online brand protection · social media

Social Media: Lessons from blunders past

Regardless of whether your brand has a million followers or you are just getting it off the ground, you want to avoid mistakes on social media that could undermine your efforts.  Fortunately, social media has had roughly a decade to grow up and we now have the luxury of examining past sins and learning from the mistakes of others.

Looking back, most of the following blunders are pretty funny and are great reference points in social media’s short history of what not to do.

JPMorgan #AskJPM mistimed tweet

In 2013, JPMorgan Chase helped underwrite Twitter’s initial public offering. On the day of the I.P.O., @jpmorgan tweeted, “What career advice would you ask a leading exec at a global firm? Tweet a Q using #AskJPM.

Not long before the mistimed tweet, they had been fined nine hundred and twenty million dollars over its “London Whale” trading loss; and had to pay a thirteen-billion- over bad mortgage loans in a settlement with the U.S Justice Department.

Within 24 hours of the tweet, there was almost 19,000 tweets using the #AskJPM hashtag, and most of them were critical of the JPM brand. The hashtag was hijacked by users around the world who used the opportunity to berate the bank for its perceived unethical behaviour.

In this instance, the JP Morgan’s social media team had created their own PR meltdown, namely because they had not considered the wider corporate environment and the timing of the tweet. Hashtags are a great way to get extra visibility, but they need to be used appropriately and with care.

American Apparel –  Lack of due diligence

In 2014, American Apparel, posted a picture of the Space Shuttle Challenger exploding for 4th of July celebration on Tumblr, accompanied by the hashtags #smoke and #clouds.

this isn’t a “cool tumblr photo”
This went viral very quickly among Tumblr and Twitter users who berated the company for its lack of sensitivity and the inappropriate misuse of the disaster.

Several hours after the post was realised, American Apparel issued an apology on Twitter explaining that it had been a mistake committed by an employee too young to be aware of the Challenger disaster.

American Apparel apologizes for mistakenly posting a picture of exploding Challenger
Examining this blunder, two lessons are clear:

  1. Americal Apparel had given the keys to a young and inexperienced social media manager.    Social media is a complex and delicate publication channel that requires quick, yet considered, decisions to be made on appropriate content for consumption.  This requires experience.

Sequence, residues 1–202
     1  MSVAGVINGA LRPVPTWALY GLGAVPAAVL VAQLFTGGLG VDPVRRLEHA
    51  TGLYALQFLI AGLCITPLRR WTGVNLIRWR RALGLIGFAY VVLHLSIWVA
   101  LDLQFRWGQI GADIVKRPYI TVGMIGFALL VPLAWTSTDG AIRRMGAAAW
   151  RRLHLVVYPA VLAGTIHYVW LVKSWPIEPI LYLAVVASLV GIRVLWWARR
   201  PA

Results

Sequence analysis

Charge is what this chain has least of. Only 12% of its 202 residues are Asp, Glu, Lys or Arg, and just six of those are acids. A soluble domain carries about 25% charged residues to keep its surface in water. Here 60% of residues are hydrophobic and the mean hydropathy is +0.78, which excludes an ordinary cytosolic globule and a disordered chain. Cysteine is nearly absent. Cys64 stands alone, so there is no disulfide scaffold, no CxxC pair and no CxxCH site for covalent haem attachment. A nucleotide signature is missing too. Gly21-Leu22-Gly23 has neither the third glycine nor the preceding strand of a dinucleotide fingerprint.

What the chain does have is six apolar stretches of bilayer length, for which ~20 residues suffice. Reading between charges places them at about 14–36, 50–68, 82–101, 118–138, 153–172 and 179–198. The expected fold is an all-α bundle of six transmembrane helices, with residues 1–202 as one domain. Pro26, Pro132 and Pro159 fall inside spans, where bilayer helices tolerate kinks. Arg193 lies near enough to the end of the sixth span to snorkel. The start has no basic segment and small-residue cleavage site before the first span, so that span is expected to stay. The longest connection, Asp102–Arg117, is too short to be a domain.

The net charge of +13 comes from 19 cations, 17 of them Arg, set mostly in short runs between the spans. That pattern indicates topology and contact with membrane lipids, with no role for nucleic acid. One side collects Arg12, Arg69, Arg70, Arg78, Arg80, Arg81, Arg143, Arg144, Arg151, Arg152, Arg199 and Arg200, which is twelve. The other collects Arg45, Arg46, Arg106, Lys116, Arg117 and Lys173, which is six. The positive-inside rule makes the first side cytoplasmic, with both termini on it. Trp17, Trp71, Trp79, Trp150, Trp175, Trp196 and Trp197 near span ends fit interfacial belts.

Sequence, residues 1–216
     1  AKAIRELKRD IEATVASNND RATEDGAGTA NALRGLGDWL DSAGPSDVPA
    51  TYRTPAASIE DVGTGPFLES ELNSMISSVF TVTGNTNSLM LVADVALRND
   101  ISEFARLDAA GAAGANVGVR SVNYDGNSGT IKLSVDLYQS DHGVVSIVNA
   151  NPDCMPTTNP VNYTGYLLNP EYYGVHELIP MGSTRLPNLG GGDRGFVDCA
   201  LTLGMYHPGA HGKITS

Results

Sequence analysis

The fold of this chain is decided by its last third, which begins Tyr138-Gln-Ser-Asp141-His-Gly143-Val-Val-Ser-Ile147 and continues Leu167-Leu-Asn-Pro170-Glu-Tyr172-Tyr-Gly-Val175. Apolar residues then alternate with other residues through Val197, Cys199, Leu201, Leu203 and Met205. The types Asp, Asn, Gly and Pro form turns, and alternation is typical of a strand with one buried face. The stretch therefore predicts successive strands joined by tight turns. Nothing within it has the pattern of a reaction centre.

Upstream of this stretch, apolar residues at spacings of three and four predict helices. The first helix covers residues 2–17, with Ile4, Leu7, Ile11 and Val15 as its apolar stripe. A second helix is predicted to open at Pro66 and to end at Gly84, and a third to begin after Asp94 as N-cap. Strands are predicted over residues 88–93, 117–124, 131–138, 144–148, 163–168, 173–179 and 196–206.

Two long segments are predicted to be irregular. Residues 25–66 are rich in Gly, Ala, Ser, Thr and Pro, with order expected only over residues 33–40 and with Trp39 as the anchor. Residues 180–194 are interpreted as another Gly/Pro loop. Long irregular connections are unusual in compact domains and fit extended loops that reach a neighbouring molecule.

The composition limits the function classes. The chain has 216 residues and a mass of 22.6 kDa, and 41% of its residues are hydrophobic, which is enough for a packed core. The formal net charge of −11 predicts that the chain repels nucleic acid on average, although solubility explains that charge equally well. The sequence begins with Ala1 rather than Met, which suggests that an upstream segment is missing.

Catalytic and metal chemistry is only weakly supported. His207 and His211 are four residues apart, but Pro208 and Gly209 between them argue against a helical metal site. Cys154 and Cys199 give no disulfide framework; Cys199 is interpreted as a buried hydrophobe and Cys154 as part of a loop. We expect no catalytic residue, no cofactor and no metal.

2. What was interesting was the lack of vetting before the post was allowed to go up.  Some basic checks would have caught this post.  However, it seems that vetting was either non-existent in this instance or it failed to stop the blunder.  Attacks and exploits are a part of social media, but they can be minimised by checking your facts and having structured approval processes before tweets cause problems.

Smuckers Delete Facebook criticism

Smucker’s, best known for its jams and jellies, Facebook page was used by followers to challenge its political position against mandating genetically modified organism labels.

In response Smucker’s deleted these posts and social media users were up in arms.  It is fair to say that deleting these posts caused a much bigger PR issue than the original problem. Some followers were even calling to boycott the company as a result of “sanitisation” of social criticism.

Smucker’s, justified their actions by stating that they removed the posts under their social media guidilines, including “political commentary, deceptive and misleading claims, or are simply repeated postings or spam”

Negative feedback on social media is a part of life, but deleting posts that you don’t agree with or paints your brand in a bad light is a big NO NO.  Censoring posts that don’t violate terms of use (some might argue that this was ambiguous in this case) is like throwing kerosine on a fire and can come back to burn the brand.

Getting ahead of issues is the best way to deal with negative feedback on social media.  This is achieved through effective social media monitoring that tracks conversations across multiple platforms.  Once an issue is identified, brands should carefully prepare a plan to deal with any fallout, with carefully worded responses that won’t inflame the situation further.

Being prepared, transparent and genuine are other key elements to effectively dealing with negative feedback.    Deleting or remaining silent to criticism just fuels the fire.

If we can learn from these few examples and incorporate the lessons into a cohesive social media policy, brands will not repeat blunders of the past.  Social media is a wonderful communication channel, but can also cause brand damage if not managed appropriately.


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